“Though we may be sick, even sick to death, we don’t stop being human. And our desire for the intimate connections we have with those we love remain intact until we die.”
This is how the conversation started. She said, “It’s hard to talk about this, but I need to tell you what happened.” I said, “OK! Yes, talking things through is often helpful.”
Rebecca is 68 years old. Her husband of 46 years, Jim, age 72, is in a Midwest hospice. He will die very soon. Rebecca tells me, that she and her husband were blessed with good health throughout their long lives. In fact, the only time either of them was in a hospital was for the births of there three daughters. However, six months ago Jim began to complain of a persistent stomachache. His interest in food evaporated. He began to lose weight and he felt tired and run down most of the time. At first he chalked it up to stomach flu, but the symptoms just wouldn’t let up.
Fast forward five months, past the initial visit with his family doctor, and the blizzard of tests, and the arrangement to see out-of-state oncologist, and an avalanche of more tests, to Jim and Rebecca’s day of reckoning. “Jim, I’m afraid your cancer is inoperable.” His oncologist tells them. “We could try an intensive campaign of chemotherapy and radiation to slow the growth of your tumors, but that’s about all that is humanly possible.”
The doctor’s verdict hit them both like a semi. They left for home the next day. They wisely decided to forego the chemo and radiation and opted for as much quality of life that divine providence would afford them, which, by all accounts, would no more than a month or two.
“It all happened so fast. There was precious little time for Jim to even say goodbye to our daughters and their families, all of who live out of state.” Rebecca is recounting Jim ’s last few days at home. “Our house is not set up for the kind of care Jim was going to need, so we looked to hospice.” Tears pool in Rebecca’s eyes. “I feel like I’m on a run-away train heading, at top speed, for a derailment. I’m terrified and helpless.”
“Jim and I have always been close. I don’t think we spent more than a few nights apart in 46 years of marriage. And we’ve always been very affectionate with one another, even in public. Our friends used to kid us about behaving like newlyweds. They would joke and say, “Hey, get a room!” I think they were all secretly jealous.”
Rebecca is now spending all her waking hours with Jim at the local hospice, which is basically nothing more than a glorified hospital ward. But she tries to make the best of it. She brings linens and towels from home and family pictures and fresh-cut flowers fill Jim’s room. They hold hands and reminisce when Jim isn’t zonked out on morphine. And when he is out of it, Rebecca still holds his hand while she prays.
“Last week Jim had a real bad spell.” Rebecca continues. “He was uncomfortable and agitated. I didn’t know what to do, so I did the only thing I could think of. It’s exactly what I would have done if we were home. I kicked off my shoes, took off my sweater, and climbed into bed with Jim. He was lying on his side, so I slid one of my arms under his neck and I draped my other arm over his abdomen. I nuzzled his neck. I could actually smell him, like I remember him smelling before the hospital odors dominated. In a matter of minutes my embrace calmed us both. It was such a beautiful moment, I’ll never forget it.”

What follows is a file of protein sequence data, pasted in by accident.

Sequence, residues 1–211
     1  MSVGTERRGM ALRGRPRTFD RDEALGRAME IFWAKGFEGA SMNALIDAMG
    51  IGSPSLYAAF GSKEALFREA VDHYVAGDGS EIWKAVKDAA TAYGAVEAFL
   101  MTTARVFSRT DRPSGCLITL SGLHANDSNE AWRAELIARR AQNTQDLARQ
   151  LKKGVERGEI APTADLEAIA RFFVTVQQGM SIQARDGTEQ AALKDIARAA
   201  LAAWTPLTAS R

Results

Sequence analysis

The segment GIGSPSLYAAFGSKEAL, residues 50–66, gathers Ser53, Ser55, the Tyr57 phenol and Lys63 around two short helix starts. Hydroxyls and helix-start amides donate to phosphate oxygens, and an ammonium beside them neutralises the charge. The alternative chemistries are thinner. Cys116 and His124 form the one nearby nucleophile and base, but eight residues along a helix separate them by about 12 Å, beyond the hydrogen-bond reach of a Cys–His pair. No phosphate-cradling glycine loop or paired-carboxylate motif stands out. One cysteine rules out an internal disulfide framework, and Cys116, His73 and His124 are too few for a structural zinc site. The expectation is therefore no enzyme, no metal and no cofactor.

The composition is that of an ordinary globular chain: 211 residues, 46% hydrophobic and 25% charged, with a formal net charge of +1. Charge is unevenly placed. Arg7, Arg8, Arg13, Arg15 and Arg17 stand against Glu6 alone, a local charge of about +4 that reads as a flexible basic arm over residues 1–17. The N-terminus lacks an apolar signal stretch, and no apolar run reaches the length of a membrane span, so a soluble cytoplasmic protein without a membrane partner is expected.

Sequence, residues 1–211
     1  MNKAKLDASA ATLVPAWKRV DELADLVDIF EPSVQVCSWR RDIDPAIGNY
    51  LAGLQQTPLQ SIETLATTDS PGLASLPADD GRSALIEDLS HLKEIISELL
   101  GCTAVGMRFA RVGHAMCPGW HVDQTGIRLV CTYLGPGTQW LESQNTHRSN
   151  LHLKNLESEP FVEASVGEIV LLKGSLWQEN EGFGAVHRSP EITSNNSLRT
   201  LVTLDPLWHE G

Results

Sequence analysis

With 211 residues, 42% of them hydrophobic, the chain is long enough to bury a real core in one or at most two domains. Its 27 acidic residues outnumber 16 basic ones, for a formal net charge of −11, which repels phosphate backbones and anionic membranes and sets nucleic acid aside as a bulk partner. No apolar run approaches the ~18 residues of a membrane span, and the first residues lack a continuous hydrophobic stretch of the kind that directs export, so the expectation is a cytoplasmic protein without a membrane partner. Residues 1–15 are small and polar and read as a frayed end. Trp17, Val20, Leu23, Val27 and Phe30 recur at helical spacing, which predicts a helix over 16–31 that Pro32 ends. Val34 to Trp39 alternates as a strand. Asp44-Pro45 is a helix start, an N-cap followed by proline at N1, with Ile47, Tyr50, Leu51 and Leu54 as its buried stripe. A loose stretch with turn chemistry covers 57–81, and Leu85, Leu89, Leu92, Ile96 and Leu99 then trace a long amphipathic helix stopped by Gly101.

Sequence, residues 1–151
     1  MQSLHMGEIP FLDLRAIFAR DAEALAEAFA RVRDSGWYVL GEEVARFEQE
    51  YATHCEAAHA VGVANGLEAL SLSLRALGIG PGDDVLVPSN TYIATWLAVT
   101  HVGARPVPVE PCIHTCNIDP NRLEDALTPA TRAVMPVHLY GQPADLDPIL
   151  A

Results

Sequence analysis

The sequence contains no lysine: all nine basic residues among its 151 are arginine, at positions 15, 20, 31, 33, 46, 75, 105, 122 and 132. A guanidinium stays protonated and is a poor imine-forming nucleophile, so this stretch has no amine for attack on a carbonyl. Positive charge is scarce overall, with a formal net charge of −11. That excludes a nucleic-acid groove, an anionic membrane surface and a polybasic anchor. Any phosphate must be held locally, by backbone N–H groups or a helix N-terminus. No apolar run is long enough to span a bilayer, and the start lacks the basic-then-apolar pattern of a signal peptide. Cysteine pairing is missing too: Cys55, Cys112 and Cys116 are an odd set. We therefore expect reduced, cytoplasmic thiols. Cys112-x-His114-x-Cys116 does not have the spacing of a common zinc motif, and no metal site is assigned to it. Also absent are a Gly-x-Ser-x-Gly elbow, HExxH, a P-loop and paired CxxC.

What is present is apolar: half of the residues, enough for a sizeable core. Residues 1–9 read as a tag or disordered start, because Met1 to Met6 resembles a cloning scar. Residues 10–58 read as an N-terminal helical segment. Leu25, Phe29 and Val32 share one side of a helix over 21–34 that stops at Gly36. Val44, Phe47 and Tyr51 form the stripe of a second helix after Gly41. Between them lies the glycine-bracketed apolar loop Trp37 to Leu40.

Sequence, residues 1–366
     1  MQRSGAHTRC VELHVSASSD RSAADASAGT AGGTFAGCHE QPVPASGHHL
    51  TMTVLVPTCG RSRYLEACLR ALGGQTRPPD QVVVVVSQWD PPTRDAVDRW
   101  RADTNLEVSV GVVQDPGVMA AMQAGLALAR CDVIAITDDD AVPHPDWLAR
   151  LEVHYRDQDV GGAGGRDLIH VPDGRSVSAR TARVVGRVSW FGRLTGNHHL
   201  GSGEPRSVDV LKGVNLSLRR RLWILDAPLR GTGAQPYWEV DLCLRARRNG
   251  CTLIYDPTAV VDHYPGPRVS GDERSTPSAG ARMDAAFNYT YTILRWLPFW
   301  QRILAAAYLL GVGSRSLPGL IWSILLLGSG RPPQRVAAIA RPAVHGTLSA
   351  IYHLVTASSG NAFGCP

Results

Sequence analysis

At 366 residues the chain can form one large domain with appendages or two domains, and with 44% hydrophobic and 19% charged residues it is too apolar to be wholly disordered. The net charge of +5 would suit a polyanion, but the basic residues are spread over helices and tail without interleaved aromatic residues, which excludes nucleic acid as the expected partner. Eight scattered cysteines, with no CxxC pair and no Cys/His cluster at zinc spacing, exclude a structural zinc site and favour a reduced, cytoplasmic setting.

Unfortunately, the reason Rebecca won’t forget that final embrace is not because of the tenderness and intimacy she was sharing with her dying husband, but because shortly after she lay down with Jim in his bed, one of the hospice nurses barged into the room.
“The nurse, hands on her hips like some schoolmarm, face aglow with disapproval, glared at me.” “What do you think you are doing? We can’t have this sort of thing in here. I’ll have to ask you to leave that bed immediately.”
“Well you would have thought we were caught in an indecency. I stammered for words to explain, but no words came out only a groan. I was so ashamed. I must have been beet-red with embarrassment. It took me a few moments to untangle myself from Jim and find my footing on the floor. Luckily Jim slept through the whole thing. Bless him.”
Tears are now streaming down Rebecca’s face. “It never entered my mind that cuddling with my dying husband, soothing and comforting him, might be interpreted as something inappropriate. When the nurse finally left the room, I hung my head and wept.”
This is a cautionary tale; though we may be sick, even sick to death, we don’t stop being human. And our desire for the intimate connections we have with those we love remain intact until we die.
So many of us are thoughtless about the intimacy needs of those around us. Is this a sign of our culturally induced unease with sex? Probably. But when our thoughtlessness impacts on the lives of those who, for whatever reason, are incapacitated, that disregard can be devastating. Regardless if our neglect is careless or intentional the injury is the same.
Those of us who care for and attend sick, elder and dying people need to be particularly vigilant to our prejudices and discomfort around sex, sexuality, and intimacy. Jim’s thoughtless nurse compounded Rebecca’s grief and anguish with guilt and shame. This professional woman should have known better. She violated her patient’s privacy and then shamed her patient’s wife for an innocent act of loving care. And for what?
I believe we ought afford all people, especially those who are incapacitated, a modicum of privacy. I believe that personal privacy should be part of every patient’s bill of rights. Curiously enough, the privacy of our medical records takes precedence over our own personal privacy. What a strange world we live in. And I also believe that when we violate the privacy rights of another it’s a form of abuse and harassment.